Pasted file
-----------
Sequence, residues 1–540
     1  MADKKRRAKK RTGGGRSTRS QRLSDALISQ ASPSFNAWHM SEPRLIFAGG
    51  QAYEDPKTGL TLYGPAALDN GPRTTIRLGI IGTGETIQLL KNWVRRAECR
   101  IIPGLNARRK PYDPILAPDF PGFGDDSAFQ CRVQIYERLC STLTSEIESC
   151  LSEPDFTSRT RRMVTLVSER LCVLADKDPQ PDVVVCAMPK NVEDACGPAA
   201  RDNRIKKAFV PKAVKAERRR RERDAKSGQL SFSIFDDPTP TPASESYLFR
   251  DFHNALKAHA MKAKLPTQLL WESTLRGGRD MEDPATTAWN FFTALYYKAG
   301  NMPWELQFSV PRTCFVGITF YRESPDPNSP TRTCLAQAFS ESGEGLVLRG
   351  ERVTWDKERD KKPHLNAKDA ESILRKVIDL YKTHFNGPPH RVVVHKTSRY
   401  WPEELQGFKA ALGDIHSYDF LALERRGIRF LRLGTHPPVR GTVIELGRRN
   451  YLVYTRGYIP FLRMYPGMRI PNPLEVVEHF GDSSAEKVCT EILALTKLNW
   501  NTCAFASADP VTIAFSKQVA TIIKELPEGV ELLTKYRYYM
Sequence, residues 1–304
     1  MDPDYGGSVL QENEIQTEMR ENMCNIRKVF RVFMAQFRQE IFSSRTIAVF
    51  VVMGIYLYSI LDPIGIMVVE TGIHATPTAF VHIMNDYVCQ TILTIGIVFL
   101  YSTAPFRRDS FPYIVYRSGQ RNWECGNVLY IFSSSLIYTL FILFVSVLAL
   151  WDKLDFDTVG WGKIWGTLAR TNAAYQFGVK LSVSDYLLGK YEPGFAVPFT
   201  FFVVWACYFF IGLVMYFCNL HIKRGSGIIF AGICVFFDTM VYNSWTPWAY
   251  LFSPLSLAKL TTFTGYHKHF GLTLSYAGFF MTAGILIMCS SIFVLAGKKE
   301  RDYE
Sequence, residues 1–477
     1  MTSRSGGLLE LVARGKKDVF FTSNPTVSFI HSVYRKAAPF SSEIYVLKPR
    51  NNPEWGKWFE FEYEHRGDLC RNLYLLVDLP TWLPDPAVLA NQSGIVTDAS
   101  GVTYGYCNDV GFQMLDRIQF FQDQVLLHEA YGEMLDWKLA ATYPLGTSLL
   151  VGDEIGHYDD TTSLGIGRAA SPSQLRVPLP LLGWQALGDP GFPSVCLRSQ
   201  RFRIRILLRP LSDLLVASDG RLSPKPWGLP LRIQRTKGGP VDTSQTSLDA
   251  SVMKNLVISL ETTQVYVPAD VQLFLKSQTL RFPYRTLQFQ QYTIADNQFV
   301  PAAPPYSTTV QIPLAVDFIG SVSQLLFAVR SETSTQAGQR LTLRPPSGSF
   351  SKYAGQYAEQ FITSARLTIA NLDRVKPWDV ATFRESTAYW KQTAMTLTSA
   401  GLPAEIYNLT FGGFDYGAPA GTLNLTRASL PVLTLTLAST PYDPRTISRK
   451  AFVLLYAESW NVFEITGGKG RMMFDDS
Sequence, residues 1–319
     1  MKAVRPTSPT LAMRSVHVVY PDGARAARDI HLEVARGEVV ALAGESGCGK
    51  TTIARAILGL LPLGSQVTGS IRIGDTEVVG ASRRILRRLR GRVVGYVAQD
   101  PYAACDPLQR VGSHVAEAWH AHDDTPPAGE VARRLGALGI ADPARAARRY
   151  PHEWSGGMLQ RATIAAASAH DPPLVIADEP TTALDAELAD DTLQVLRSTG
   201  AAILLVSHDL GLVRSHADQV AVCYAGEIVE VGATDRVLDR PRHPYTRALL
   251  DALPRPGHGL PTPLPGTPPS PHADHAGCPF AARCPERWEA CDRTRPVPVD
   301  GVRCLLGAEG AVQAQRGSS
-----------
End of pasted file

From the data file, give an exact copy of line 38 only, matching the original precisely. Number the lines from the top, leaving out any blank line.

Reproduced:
   251  DALPRPGHGL PTPLPGTPPS PHADHAGCPF AARCPERWEA CDRTRPVPVD